• The Court of Appeals previously could sit en banc: (1) when there was a dissent in the panel to which the case was originally assigned, an aggrieved party requested an en banc hearing, and at least three judges voted in favor of the hearing; (2) when a judge of a panel certified that in his opinion a decision of the panel was in conflict with a prior decision of the court or any panel of the court, and at least three other judges concurred in that view; or (3) upon the court’s own motion, in any case in which a majority of the court determined it was appropriate to do so.

  • The new law will require six judges rather than three judges to vote in favor of hearing a case en banc. More importantly, under the new law, a party will be able to petition for an en banc hearing even when there is no dissent in the panel, and the court may sit en banc if a majority of the court determines it is appropriate to do so.



  • B. 1261 becomes effective on January 1, 2022.

  • If a final order is entered on or before November 30, 2021, a litigant must appeal to the Supreme Court of Virginia.

  • If a final order is entered on or after January 1, 2022, the Court of Appeals of Virginia will hear the case.

  • For orders entered between December 1, 2021 and December 30, 2021, litigants can strategically choose whether they want to file a petition for appeal in the Supreme Court or whether they want to appeal to the Court of Appeals and they can time the filing of their notices of appeal accordingly. (Virginia courts are closed on December 31, 2021 and January 1, 2022). 

  • For example, a litigant who believes that the Supreme Court is unlikely to grant his or her petition may choose to wait until after January 1, 2022 to file his or her notice of appeal in order to ensure that he or she is guaranteed an appeal in the Court of Appeals.

Preservation of Issues for Appeal 

  • Although litigants have always been required to preserve alleged errors to raise them on appeal, this requirement will become increasingly important once more civil litigants have the opportunity to appeal. In particular, litigants must take care to make an adequate proffer of any excluded evidence to preserve these issues for appeal.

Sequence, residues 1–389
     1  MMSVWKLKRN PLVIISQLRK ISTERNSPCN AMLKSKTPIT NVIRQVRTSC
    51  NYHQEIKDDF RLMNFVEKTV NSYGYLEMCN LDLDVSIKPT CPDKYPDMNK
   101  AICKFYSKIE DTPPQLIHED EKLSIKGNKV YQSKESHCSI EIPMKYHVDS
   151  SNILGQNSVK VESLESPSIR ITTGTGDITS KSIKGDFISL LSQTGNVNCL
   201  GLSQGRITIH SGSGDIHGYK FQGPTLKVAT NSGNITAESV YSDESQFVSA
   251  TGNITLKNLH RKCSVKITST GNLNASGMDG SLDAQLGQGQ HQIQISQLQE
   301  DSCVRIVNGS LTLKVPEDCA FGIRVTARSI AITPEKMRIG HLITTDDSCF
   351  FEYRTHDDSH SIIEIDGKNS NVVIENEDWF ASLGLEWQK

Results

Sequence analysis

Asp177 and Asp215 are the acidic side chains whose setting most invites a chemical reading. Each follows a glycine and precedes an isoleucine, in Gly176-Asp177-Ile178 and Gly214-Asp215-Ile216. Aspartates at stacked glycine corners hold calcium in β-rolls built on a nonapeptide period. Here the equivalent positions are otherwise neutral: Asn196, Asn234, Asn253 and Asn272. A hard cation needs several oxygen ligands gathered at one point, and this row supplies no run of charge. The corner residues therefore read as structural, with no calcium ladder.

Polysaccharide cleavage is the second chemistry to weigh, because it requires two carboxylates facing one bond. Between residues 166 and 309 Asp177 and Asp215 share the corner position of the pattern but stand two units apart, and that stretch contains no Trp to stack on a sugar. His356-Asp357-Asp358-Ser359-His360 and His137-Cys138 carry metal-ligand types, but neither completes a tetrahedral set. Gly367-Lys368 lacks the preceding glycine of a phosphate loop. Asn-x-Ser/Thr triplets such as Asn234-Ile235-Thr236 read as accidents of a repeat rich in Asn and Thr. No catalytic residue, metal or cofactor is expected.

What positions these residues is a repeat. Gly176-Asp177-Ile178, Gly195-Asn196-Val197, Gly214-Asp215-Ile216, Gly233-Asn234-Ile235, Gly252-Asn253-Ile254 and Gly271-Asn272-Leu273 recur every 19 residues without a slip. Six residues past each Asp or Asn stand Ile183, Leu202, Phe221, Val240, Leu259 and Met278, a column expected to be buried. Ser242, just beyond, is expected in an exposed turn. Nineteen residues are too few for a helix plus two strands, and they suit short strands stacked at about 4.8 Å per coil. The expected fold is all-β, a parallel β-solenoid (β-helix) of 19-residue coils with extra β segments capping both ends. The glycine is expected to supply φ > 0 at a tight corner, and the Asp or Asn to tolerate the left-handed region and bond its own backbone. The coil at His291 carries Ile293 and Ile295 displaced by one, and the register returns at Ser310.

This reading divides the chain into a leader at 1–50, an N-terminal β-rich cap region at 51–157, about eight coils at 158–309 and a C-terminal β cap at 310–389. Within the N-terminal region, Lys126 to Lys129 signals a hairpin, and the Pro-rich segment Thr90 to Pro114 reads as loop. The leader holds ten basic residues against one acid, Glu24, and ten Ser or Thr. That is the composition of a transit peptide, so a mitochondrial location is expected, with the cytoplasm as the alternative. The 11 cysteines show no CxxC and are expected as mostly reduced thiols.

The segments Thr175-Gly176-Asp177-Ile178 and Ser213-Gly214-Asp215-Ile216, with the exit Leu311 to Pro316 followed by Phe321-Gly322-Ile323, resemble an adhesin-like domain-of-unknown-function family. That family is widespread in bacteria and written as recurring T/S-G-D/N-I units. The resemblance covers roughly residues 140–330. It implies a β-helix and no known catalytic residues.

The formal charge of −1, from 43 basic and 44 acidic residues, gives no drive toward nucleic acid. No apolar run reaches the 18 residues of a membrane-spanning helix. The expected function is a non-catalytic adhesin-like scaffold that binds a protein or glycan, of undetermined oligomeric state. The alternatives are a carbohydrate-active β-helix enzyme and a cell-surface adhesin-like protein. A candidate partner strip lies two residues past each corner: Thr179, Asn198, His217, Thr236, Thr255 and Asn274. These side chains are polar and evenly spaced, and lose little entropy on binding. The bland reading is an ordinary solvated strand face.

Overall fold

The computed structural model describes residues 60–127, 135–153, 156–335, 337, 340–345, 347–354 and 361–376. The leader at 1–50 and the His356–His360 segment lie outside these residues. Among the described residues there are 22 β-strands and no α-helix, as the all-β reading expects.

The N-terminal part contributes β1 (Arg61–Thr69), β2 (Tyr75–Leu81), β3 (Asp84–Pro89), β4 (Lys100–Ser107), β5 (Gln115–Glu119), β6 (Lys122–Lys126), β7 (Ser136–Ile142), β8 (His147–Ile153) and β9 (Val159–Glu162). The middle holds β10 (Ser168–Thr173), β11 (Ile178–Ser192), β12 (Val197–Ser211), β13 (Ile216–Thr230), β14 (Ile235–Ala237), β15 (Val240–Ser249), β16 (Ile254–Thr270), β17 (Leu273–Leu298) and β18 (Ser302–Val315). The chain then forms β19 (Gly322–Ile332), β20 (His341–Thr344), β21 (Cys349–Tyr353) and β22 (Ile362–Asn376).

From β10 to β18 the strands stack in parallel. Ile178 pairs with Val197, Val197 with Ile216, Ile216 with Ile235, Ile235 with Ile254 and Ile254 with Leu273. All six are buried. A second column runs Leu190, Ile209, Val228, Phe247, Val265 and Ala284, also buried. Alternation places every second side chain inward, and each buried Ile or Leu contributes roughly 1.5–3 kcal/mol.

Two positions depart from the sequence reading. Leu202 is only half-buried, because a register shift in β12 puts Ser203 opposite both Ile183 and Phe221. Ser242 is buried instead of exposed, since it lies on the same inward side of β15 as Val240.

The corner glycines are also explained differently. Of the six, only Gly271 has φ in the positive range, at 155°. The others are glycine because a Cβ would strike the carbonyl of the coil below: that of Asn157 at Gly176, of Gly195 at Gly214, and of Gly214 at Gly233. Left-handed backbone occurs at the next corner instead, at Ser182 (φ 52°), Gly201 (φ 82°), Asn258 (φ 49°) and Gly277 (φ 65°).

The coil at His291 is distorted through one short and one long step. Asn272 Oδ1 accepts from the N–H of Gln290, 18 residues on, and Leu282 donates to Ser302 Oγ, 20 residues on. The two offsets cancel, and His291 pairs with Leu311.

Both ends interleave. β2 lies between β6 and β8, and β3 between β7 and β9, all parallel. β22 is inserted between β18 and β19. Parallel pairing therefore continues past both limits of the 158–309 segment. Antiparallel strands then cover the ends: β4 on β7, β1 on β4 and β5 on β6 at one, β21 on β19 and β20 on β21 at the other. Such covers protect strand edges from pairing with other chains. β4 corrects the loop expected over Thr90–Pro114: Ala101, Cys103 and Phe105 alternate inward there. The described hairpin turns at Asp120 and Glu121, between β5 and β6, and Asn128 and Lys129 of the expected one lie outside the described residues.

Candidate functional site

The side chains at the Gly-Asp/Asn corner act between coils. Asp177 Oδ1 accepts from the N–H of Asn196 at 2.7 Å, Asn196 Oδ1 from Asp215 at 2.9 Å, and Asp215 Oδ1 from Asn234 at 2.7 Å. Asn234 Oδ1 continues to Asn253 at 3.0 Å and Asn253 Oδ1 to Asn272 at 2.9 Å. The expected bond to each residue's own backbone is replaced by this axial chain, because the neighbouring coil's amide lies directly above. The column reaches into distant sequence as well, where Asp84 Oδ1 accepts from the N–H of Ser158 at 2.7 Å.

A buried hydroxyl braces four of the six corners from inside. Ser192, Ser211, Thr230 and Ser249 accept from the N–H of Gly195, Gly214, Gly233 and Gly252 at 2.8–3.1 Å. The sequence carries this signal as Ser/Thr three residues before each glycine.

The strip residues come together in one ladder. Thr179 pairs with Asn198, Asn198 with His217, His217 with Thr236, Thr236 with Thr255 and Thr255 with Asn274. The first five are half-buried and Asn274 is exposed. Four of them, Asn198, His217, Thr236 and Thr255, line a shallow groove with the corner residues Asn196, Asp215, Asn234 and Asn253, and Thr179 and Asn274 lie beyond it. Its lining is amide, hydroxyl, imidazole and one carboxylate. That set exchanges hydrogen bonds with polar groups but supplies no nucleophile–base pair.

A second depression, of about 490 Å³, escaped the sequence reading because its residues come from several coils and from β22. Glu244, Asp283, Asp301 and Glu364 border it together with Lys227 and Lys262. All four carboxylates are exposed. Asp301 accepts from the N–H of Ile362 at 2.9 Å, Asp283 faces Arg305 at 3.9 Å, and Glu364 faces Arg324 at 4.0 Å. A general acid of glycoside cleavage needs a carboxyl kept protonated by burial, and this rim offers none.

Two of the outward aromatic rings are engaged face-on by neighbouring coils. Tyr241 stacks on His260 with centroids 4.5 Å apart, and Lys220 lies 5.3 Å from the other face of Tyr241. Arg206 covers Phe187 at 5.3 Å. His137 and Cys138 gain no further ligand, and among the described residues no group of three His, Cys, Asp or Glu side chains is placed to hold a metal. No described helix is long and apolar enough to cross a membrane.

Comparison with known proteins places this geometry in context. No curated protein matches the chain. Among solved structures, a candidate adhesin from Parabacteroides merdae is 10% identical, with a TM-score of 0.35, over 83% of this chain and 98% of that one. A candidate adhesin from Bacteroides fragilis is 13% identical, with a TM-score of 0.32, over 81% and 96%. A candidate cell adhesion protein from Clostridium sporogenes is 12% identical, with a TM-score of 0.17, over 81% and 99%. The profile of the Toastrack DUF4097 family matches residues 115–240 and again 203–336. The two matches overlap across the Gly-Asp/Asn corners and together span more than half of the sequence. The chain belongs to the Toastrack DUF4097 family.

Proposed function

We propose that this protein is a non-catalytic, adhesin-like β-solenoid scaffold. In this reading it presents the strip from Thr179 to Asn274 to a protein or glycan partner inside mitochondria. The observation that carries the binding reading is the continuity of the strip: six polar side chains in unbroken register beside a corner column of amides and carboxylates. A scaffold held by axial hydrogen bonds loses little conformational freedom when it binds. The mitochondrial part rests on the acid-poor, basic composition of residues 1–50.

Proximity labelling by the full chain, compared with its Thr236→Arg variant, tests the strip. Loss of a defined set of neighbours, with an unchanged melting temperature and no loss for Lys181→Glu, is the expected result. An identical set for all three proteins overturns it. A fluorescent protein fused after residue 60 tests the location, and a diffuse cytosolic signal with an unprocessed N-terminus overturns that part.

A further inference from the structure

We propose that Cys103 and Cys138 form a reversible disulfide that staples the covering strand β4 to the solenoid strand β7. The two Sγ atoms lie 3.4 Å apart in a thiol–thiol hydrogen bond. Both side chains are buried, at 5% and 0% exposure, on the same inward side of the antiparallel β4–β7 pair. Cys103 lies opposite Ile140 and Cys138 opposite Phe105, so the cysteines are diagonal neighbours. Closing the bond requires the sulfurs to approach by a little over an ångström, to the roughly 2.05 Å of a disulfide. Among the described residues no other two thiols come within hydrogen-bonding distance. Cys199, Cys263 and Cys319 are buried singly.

New Rules Are Forthcoming

  • The Advisory Committee on Rules of Court in Virginia is working on proposed changes to the Rules of the Supreme Court of Virginia to address the expansion of the jurisdiction of the Court of Appeals. The Committee released a draft of the proposed changes for public comment earlier this year.

  • Litigants should monitor this process and consider how any changes that are ultimately adopted will impact their appeals.

Click here to view a downloadable PDF of the legal update.

This Legal Update is intended to keep readers current on developments in the law. It is not intended to be legal advice. If you have any questions, please contact authors Edward J. Longosz, II at 202.659.6619 or, Annemarie DiNardo Cleary at 804.788.7768 or, Jessica A. Glajch at 202.659.6672 or, or any other attorney at Eckert Seamans with whom you have been working.

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Edward J. Longosz, II Photo Washington, D.C.

Edward J. Longosz, II

Member - Washington, D.C.

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Jessica A. Glajch Photo Washington, D.C.

Jessica A. Glajch

Member - Washington, D.C.

See full bio